and how a mom fought Big Pharma |

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August 26, 2016

belinda-luscombe
My colleague Charlotte, who sits opposite me and whose phone charger I often borrow, has traveled the nation for a year and interviewed a bunch of super-successful siblings to see if there are any common threads in how they were raised. Like every parent reading this story I was curious to see if there were any correlations with how my children were growing up. Immigrant parent, sort of! One educator parent, sort of! And then this sweet sweet music to my ear: fights between siblings are O.K. “Most [families] recall a conflict-heavy family life, but that conflict was rarely between the parents.” If it's sibling conflict that leads to success, my kids are SET. It’s all pretty fascinating, so check it out. (If you’re not a subscriber it might cost a couple of bucks. Worth it.)
Roundup

Have you been following the Epi-Pen story? The life-saving devices, which many kids with severe allergies have to carry with them at all times, have slowly but surely risen in price. For many people they’re covered by insurance; but for the poor or under-insured, they’re not. Parents mobilized to fight back on social media, with pretty impressive results. One of the things I like about this story is that the woman who started it was fully insured; the higher prices didn’t affect her. New York Times.

 

Is there a link between how much haircare girls need to meet a certain beauty standard and how much they exercise? These academics think there is, actually, especially among black teens. And they did a study to test their theory. TIME

As many mothers who have daughters between the ages of about 13 and 18 know, this can be a deeply strained time for the mother-daughter relationship. And no, it’s not just you. Emotional flexibility is a key asset in those years. A new study from Canada has looked at how much emotional flexibility is optimal. Turns out it’s a Goldilocks thing: not too much, nor too little. Because it would just be so terrible if it were simple. Queens University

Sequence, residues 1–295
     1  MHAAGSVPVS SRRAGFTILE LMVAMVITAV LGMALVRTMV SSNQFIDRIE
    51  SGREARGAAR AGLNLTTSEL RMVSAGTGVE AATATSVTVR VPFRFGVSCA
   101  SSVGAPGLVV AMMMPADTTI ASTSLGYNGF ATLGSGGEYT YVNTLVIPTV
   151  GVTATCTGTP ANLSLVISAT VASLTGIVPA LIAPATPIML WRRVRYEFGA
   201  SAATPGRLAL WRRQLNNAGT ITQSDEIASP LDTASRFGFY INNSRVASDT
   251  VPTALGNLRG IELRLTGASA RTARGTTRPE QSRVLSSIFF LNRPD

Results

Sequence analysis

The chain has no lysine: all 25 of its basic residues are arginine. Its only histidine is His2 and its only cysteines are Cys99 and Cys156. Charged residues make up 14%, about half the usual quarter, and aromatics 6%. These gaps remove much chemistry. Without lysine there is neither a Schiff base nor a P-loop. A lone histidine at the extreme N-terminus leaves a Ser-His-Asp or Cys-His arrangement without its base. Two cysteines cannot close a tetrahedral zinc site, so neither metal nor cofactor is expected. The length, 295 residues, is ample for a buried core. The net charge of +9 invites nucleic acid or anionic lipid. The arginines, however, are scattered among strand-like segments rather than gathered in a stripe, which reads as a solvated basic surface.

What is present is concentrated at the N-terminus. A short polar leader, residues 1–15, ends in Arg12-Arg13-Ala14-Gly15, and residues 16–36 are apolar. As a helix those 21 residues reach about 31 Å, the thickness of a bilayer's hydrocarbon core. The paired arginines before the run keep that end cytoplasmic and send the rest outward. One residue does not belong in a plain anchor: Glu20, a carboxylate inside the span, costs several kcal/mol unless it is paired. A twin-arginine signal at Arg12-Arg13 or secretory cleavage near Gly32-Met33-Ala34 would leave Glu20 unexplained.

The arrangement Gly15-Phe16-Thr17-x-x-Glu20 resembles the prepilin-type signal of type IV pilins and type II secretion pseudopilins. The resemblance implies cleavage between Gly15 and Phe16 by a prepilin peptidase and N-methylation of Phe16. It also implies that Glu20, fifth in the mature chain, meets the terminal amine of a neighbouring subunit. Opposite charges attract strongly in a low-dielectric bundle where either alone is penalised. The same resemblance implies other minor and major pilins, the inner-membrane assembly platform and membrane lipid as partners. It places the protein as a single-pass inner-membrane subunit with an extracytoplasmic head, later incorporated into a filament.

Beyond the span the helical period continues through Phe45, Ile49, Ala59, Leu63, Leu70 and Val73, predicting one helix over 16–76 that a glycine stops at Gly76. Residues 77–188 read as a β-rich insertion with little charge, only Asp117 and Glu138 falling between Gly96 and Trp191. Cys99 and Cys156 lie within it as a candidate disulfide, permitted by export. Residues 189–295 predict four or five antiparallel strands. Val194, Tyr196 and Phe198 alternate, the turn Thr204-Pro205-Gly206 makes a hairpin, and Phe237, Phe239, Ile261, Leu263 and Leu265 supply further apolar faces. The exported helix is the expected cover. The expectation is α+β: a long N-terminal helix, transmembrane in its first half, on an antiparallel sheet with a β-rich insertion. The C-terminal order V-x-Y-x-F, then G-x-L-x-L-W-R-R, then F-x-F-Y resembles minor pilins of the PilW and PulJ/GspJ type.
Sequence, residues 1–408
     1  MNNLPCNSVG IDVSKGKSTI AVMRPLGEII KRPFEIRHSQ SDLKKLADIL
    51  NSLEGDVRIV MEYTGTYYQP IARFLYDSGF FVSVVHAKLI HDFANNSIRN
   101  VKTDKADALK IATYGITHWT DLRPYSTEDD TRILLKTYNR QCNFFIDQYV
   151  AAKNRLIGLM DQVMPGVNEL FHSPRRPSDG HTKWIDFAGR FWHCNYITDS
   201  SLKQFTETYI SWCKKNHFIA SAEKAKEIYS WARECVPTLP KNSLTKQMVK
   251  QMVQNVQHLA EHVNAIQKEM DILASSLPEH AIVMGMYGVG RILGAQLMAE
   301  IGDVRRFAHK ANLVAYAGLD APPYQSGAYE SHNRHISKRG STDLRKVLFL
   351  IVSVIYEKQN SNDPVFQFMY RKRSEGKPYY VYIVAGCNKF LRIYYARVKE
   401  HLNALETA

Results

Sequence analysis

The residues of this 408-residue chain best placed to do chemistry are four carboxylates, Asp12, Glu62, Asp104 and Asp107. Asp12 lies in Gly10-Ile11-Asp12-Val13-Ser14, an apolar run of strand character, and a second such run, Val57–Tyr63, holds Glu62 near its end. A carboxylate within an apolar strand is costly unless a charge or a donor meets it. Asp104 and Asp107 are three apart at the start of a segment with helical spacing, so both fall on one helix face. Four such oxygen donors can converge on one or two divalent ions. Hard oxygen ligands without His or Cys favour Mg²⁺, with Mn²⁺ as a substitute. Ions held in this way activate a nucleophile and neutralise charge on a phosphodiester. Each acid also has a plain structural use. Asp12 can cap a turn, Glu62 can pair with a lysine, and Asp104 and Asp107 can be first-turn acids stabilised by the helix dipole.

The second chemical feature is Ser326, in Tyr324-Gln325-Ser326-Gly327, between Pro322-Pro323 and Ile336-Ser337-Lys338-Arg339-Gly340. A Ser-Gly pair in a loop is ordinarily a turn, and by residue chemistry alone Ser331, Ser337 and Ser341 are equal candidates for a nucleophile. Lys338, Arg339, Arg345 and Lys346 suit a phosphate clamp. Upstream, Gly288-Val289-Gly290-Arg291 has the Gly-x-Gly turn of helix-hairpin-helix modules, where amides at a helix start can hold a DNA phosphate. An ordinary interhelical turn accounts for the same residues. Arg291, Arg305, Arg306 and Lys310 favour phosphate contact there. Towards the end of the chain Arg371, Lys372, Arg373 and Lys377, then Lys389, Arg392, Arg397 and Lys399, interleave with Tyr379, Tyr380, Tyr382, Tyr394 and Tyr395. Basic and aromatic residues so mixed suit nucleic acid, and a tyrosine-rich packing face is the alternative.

This is incredible. A guy gives more or less real time advice on what he’s learning as his whole family is felled by food-borne illness. (In this case, organic ham.) Warning, he’s really going into some nitty-gritty detail about how to manage the bodily fluids, as are his commenters, so steel yourself. On the upside, totally practical and straight from the horse’s mouth, so to speak. Reddit.

In mixed news for helicopter parents, the kids who do best at school are more likely to move away. I think this is what is meant by a Pyrrhic parental victory. TIME

A sad truth about human nature: many bullies—or at least the most damaging ones—are not random oafs (is that right? oaves?? oaffal? oafaries?) your kids pass in the corridor, but former friends or lovers. This is especially true in cyberspace, a new study from Penn State has found.

We’ve all heard of internships. Now cometh “returnships,” which are for parents—or, let’s face it mostly moms— reentering the workforce. FORTUNE

O.K. this video of shapes in a dad’s beard is going to be the most Brooklyn/Portland/Austin/hipstercityinyourstate thing you will see this week. If not ever. YouTube